Tips for getting started with an esports programme

Simply generating a conversation around competitive gaming, also known as esports, can help your school get on track to be a game-changer, but make sure to set out a strategy and get buy-in from stakeholders.

As one of the fastest-growing industries in history, it’s no surprise to see esports interest skyrocketing in schools. In fact, the rise of esports is now strongly on the radar for many educational administrators at both high school and university levels.

Esports is a highly collaborative, educational and engaging activity and schools want in. Educators are eager to leverage esports programmes to create compelling new academic experiences and unique opportunities for students to develop real-world skills while still in school. In South Africa, more and more institutions are embracing esports as part of their curricula to harness its potential to teach scholars mental toughness, leadership skills, sportsmanship and communication skills.

Tristan “Zozu” Rens, Bravado Gaming’s General Manager said: “Traditionally, sport has played an important part in schools and universities. As the professionalism of esports and the impact of the industry continues to grow, schools and universities can play a vital role in helping nurture the next generation of professional esports athletes while simultaneously helping further legitimise esports’s place in the wider sporting world.”

When starting out to build an esports programme, the path forward can be unclear. Here is a list of findings to help schools get started:

Start the conversation

The first step in starting an esports programme is to start asking questions and gauge interest. The best place to begin is with the students. Consider polling the student population to understand how the programme might add value.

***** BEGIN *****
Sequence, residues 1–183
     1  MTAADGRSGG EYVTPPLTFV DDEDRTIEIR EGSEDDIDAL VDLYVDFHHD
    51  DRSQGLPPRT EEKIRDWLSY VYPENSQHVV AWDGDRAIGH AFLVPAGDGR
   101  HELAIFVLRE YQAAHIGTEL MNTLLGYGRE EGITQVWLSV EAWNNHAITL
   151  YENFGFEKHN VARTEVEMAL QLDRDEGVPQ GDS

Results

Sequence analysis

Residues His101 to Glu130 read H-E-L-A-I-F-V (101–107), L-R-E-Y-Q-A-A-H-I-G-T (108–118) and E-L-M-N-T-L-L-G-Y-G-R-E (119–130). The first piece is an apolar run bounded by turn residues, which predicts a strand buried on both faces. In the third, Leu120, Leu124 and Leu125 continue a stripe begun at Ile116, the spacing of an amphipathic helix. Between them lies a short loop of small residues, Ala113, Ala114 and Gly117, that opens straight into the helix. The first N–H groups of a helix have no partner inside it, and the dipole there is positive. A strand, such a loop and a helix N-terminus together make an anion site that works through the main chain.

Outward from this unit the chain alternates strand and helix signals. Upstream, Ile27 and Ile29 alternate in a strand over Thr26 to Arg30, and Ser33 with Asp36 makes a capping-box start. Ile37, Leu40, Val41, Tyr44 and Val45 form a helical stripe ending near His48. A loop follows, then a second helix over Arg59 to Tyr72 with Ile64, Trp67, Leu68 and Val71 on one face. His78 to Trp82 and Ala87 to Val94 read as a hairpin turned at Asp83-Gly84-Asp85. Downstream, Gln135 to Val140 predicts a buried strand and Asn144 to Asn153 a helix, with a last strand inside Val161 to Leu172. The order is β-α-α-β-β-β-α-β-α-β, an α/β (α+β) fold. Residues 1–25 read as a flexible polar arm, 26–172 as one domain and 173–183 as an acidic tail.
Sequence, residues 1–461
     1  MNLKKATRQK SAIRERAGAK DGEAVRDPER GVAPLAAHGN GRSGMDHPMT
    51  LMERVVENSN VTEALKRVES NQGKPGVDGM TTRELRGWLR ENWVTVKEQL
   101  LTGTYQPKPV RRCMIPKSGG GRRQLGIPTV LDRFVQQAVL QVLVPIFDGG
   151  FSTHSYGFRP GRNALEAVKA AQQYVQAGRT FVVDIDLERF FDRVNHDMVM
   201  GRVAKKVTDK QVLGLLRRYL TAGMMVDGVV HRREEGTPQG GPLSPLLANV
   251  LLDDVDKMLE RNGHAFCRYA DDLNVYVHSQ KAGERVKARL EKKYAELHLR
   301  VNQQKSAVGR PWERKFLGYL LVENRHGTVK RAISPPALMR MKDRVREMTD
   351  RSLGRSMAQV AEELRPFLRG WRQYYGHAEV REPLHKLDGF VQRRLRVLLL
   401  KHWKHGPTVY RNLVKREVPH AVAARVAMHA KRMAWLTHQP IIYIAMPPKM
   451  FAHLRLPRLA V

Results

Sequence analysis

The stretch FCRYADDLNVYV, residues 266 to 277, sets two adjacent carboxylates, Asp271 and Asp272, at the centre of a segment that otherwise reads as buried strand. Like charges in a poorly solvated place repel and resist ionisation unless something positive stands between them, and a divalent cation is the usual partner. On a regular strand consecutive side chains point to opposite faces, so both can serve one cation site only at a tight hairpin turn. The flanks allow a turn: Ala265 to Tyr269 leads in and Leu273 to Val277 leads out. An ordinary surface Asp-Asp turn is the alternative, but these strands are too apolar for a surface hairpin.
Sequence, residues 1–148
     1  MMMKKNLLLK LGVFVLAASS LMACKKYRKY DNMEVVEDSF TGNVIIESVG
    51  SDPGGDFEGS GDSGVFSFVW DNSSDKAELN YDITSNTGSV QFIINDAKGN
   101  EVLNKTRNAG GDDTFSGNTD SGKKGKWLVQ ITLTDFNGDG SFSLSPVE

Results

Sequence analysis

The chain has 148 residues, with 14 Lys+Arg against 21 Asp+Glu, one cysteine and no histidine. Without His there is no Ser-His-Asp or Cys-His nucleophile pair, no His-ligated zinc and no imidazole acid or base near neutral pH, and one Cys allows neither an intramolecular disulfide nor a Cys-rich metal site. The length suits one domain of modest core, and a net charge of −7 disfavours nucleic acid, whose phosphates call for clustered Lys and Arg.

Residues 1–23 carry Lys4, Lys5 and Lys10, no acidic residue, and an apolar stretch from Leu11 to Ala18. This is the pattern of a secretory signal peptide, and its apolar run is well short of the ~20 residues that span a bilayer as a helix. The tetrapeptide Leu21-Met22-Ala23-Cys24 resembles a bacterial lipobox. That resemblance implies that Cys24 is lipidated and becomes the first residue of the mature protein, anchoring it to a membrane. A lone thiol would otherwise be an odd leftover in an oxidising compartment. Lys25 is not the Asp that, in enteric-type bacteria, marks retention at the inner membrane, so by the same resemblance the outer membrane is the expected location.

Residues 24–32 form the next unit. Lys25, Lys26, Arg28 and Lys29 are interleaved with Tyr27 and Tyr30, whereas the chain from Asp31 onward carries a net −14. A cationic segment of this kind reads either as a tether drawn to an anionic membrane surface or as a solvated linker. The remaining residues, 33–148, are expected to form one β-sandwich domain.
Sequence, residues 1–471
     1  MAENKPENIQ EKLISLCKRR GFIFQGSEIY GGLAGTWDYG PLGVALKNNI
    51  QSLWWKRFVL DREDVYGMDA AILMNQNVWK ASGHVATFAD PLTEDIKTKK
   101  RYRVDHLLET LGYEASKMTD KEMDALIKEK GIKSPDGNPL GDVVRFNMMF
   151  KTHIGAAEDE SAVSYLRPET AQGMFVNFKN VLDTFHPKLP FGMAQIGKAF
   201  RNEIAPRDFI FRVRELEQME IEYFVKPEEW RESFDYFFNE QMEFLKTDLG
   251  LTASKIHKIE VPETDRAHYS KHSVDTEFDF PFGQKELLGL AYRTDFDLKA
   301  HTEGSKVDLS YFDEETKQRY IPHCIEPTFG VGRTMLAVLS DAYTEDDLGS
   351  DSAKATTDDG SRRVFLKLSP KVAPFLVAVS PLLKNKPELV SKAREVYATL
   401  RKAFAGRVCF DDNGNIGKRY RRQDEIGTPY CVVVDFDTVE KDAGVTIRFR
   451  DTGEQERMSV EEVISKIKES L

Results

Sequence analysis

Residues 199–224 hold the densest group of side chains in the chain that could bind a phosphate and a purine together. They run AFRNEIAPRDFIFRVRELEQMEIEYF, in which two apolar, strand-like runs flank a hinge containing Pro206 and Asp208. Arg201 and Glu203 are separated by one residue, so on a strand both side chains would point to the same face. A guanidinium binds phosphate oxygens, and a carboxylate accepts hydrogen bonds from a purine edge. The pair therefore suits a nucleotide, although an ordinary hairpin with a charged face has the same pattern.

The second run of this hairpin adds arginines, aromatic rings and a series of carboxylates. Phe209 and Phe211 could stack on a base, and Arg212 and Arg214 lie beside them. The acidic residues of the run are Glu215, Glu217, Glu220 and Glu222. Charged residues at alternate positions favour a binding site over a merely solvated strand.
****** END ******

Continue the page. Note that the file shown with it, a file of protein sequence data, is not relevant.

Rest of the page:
Explore the industry of esports – understand how it’s being used locally and globally, who the players are and why esports is of interest to them. Use findings and survey results to extend the discussion to school board members, administration, faculty and other community leaders. Consult with the IT department to understand the technical requirements, including what types of gaming stations, network, infrastructure and supporting technology might be needed.

Broadening the scope of the conversation to nearby schools as well as local esports leagues and organisations will help chart a course for the success of the programme by looking to them to provide helpful lessons learned and tips for moving forward.

Map out a strategy

Use the research to define goals and establish requirements to get started. Start planning with four key areas in mind: academics, logistics, technology requirements and financial considerations.

Look to answer basic operational questions like how many students will be accepted into the programme, which games they will play and what other supporting roles the programme will require (shoutcasting, analytics, video/production, etc.).